Rather than seeing the eating from the tree as a “fall,” Nechama Leibowitz offers a different explanation of this newfound state. Isn’t it odd, she asks, that God has placed such an irresistible temptation in front of Adam and Eve? Imagine a parent saying to a child: “I am leaving some delicious candies right here in the center of the table – you can’t miss them – they are really delicious, and they will make you feel like an adult – but don’t eat them. I’m only going to be gone 5 minutes. Bye.” Is there really any question what the child will do?
The sin of the first man and woman was inevitable. It was a necessary act of becoming independent, of growing up. Adam and Eve had been living like children – everything was provided, all decisions and rules were made for them, all they had to do was obey the rules. But this is not the life of an adult. And to become independent, to leave the home, inevitably some rebellion, rejection, statement of separateness will have to take place. The sin was an act of individuation, it was what allowed Adam and Eve to become adults, but it forced them to leave home, where everything was perfect and taken care of for them. Now they would have to go it on their own.
And when our children leave home, we want them to think for themselves. We want them to make their own judgments, their own decisions. Just one thing. We want those decisions to be the same ones we would have made. This will be the challenge for humans from here on in. As independent moral agents, we can make judgments, decisions, that are not as God would have us choose. But the other side of the coin is that as independent moral agents, we bring something important into our relationship with God. We bring our own thoughts, ideas, and judgments. Many of them may be bad and misguided, but some will be good, worthwhile suggestions and contributions.
The first generations after the sin tell the story of how easy it is for this independence to lead us astray. Left totally to our own devices, we will make one wrong decision after another, we will turn “good” into “bad.” We continue to see, to judge, but to see wrongly, and to act wrongly. “The sons of elohim saw the daughters of men that they were beautiful; and they took as wives all those whom they chose” (Bereishit 6:2). We have what to contribute, but for this relationship to succeed, we will need more guidance. And thus, when God starts the world all over again, God formalizes our relationship and God gives us the needed guidance. God makes a covenant, a brit, and God gives commandments. With these clear directives, with a relationship built on brit and mitzvot, it is hoped that humans, if they act like responsible adults, will be able to take a world that is good, and to build it.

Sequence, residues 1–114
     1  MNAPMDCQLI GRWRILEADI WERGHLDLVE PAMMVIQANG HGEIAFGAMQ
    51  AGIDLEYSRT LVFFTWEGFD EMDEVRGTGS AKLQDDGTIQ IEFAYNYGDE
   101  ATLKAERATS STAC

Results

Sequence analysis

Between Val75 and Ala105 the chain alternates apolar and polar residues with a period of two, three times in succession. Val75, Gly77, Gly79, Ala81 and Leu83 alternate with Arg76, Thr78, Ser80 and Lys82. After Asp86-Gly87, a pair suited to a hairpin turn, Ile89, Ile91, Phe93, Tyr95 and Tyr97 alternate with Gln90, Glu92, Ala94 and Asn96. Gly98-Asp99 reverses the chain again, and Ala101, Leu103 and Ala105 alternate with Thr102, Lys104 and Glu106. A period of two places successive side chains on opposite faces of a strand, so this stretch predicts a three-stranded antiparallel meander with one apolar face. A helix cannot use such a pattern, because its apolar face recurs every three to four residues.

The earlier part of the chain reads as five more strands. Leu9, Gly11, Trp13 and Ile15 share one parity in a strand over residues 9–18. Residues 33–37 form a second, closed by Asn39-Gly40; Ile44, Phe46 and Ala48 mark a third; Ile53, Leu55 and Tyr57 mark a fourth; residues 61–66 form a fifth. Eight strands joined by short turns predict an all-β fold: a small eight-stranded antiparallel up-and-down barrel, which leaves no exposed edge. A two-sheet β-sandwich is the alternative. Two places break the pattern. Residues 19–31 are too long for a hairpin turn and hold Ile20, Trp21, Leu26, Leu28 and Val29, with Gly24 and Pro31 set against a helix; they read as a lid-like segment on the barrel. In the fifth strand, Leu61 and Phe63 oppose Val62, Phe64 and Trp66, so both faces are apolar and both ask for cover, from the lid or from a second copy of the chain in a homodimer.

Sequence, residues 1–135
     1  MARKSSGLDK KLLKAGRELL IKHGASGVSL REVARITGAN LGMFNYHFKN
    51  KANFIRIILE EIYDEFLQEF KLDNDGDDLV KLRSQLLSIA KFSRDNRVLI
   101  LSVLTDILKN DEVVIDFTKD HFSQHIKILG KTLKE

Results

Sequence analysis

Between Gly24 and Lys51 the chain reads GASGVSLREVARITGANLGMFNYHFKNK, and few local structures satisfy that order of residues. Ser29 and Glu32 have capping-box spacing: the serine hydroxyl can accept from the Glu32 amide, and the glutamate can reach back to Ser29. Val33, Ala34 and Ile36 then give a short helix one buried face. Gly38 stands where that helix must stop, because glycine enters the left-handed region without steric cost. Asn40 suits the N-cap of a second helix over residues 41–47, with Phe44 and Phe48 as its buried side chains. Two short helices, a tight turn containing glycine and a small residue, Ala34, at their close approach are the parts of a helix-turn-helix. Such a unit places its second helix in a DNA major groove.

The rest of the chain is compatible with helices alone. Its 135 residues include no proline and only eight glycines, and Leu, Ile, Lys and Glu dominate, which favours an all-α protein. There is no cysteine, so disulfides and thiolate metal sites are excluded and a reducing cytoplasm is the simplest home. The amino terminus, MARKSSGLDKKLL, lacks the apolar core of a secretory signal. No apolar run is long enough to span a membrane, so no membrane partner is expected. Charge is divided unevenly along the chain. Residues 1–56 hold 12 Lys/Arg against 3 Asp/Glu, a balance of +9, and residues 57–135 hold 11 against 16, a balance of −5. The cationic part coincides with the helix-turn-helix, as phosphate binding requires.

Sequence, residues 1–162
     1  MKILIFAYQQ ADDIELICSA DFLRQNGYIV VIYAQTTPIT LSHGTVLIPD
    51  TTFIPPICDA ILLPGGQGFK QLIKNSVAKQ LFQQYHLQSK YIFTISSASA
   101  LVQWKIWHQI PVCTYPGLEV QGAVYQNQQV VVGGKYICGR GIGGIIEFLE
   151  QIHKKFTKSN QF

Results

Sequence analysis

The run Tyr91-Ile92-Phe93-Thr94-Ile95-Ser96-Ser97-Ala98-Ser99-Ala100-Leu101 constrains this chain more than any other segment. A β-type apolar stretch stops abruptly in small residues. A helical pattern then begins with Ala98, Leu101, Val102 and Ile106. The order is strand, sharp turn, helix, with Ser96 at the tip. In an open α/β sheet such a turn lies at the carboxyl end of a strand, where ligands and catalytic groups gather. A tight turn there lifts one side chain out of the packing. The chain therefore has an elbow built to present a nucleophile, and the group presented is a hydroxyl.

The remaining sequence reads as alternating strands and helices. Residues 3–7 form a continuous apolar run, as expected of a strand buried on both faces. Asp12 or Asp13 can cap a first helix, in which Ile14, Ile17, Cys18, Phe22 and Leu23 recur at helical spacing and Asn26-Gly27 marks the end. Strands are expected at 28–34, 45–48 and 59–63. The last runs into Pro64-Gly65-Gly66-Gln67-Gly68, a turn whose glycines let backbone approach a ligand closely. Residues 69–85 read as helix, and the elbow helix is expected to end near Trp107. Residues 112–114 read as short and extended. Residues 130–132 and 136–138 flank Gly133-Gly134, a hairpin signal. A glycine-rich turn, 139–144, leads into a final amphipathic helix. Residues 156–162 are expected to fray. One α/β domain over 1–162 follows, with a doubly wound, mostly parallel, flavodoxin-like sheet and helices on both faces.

This is the complicated and complex reality in which we live as humans in a relationship with God. Even with a covenant, even with commandments, we can continue to see, to judge and to choose wrongly: “And Ham, the father of Canaan, saw the nakedness of his father, and told his two brothers outside” (Bereishit 9:22). Of course, because we can now think and make decisions for ourselves, it is also possible that we can introduce something new, something that God has not commanded, but that is nevertheless good: “And Noah built an altar to the Lord … And the Lord smelled the pleasing odor…” (Bereishit 8:20-21).
Consider the greatest religious leader, Moshe. In the last verse of the Torah we are told that no prophet has ever arisen in Israel like Moshe, “for all that mighty hand, and in all the great and awesome deeds which Moses performed in the sight of all Israel” (Devarim 34:12). This verse extols Moshe as the faithful conduit of God’s mighty hand and awesome deeds, as the perfect vessel for God’s mission. Rashi, however, turns this verse on its head: “In the sight of all Israel – that his heart carried him to break the tablets… and God approved of this decision, as it says, “which you have broken,” i.e., strength to you for having broken them!” The last image of Moshe that Rashi leaves us with is that of a leader who used his own judgment to act radically and decisively, not in violation of God’s command, but certainly without God’s explicit command. Here was a different type of seeing, a good type of seeing: “And Moshe saw the calf and the dancing… and he cast from his hands the tablets” (Shemot 32:19). And it was this act that was exactly what was needed at this moment. “Strength to you for having broken them.”
We are adults. We can judge and choose, and we must face the responsibility of doing so wisely, with a commitment to God’s covenant and God’s mitzvot. And because we are adults, because we are able to think for ourselves, because we are able to innovate and contribute in the moral and religious realm as well, we have the ability not only to preserve the good of the world, but to increase the good within it.